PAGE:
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thebillsfan

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You don't use the reduction potential of aluminum to determine the EMF. The EMF for an electroplating reaction is 0, since there is no net redox. The metal ions in your electroplating bath (like gold ions) are reduced, and the solid metal at the anode is oxidized to replenish the ions in solution. However, since the EMF is 0, you need a battery to drive the electroplating, since you need a positive EMF for the reaction to proceed spontaneously.
fair enough, but then whats causing the aluminum from getting oxidized (it actually has a higher ox potential i believe) and also, do you use the aluminum reduction potential to calculate the minimum voltage required to run the rxn? how do you figure that out?

related question...how do you figure out the amount of time it takes to plate X grams of gold? do you have to have a current given? kaplan gave the question without a current and then in the explanation proceeded to say "since 1 amp is" ...
 

sleepy425

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fair enough, but then whats causing the aluminum from getting oxidized (it actually has a higher ox potential i believe) and also, do you use the aluminum reduction potential to calculate the minimum voltage required to run the rxn? how do you figure that out?
Do you mean why doesn't the aluminum get oxidized and plate the gold bar as well? Well, there are two reasons. First, the way the external voltage source is hooked up will determine which metal gets plated. You attach the metal you want to coat (i.e. the aluminum) to the negative terminal of your battery/voltage source so that the dissolved metal ions (like gold) can get reduced there and coat the surface of the aluminum. The gold is attached to the positive terminal of the battery so that the gold will be oxidized there. In this configuration, since the aluminum is hooked up to the negative terminal, it cannot be oxidized. If you reversed the terminals of the battery, you'd get the opposite plating. The gold would get coated with aluminum.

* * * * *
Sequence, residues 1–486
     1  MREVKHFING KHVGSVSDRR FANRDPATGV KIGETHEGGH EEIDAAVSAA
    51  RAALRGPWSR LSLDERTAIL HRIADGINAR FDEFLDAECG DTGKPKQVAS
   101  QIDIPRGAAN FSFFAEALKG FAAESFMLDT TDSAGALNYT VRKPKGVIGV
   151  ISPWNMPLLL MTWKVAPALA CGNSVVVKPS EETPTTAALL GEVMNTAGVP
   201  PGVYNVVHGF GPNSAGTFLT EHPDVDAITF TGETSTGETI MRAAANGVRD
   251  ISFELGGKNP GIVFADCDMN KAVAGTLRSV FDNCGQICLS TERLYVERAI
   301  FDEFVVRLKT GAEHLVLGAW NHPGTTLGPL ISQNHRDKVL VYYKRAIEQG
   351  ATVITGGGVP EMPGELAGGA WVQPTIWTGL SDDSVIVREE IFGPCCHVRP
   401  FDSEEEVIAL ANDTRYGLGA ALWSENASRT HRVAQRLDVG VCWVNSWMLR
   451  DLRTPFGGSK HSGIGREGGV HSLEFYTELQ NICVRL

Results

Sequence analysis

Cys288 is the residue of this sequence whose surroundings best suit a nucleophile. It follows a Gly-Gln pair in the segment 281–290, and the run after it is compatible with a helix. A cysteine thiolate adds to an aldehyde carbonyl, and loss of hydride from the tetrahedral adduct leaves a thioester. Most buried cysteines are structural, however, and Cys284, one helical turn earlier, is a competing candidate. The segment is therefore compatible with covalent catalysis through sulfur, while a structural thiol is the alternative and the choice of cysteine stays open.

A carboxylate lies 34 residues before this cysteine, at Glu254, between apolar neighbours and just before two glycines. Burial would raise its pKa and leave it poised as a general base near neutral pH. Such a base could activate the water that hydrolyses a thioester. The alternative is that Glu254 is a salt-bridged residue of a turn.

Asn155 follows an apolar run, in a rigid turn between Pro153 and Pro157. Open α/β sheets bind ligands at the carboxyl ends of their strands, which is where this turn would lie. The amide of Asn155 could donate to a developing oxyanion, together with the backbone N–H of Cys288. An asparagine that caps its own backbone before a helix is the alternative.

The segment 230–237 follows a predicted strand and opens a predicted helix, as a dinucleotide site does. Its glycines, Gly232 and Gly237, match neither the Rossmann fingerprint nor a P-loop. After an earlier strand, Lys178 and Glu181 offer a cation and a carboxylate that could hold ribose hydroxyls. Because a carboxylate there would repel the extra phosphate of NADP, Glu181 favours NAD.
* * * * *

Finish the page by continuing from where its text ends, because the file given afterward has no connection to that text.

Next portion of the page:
The second reason is that, typically, the solution that the gold and aluminum are both dipped in contains gold ions already (in other words, you use something like gold nitrate to make the solution) so that there will already be a significant concentration of ions in solution to be reduced. Thus, even if you accidentally switched the battery terminals around, there wouldn't be any aluminum ions in solution to be reduced.

related question...how do you figure out the amount of time it takes to plate X grams of gold? do you have to have a current given? kaplan gave the question without a current and then in the explanation proceeded to say "since 1 amp is" ...
I would have to see that question to know for sure if current is necessary. However, in general, if you have X grams of gold, you can convert that to moles of gold. Now I can't remember what the oxidation state of gold is, but I vaguely remember the most common one is +3. If that's the case, then one of the half reactions is Au---->Au(3+) + 3 e-. So, if I'm right about this oxidation state (even if I'm wrong you'll get the idea from this), that means that for every mole of gold you want to plate, you'll need to move 3 moles of electrons. So you multiply the number of moles you want to plate by 3, and multiply by avogadro's number. That'll give you the number of electrons. Now, one amp is 1 coulomb per second. 1.6*10^-19 coulombs is the charge of one electron, so multiply 1.6*10^-19 by the number of electrons you've calculated and that'll give you the number of coulombs you require to plate that gold. Now divide that number of coulombs by your current to give you the time it'll take in seconds.

Sorry bout the long explanation, but if you just follow the units you can calculate the time it'll take.
 
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thebillsfan

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alright, so you do HAVE to know the current. kaplan gave no current. wow, the whole FL was full of errors. thank you very much for all your help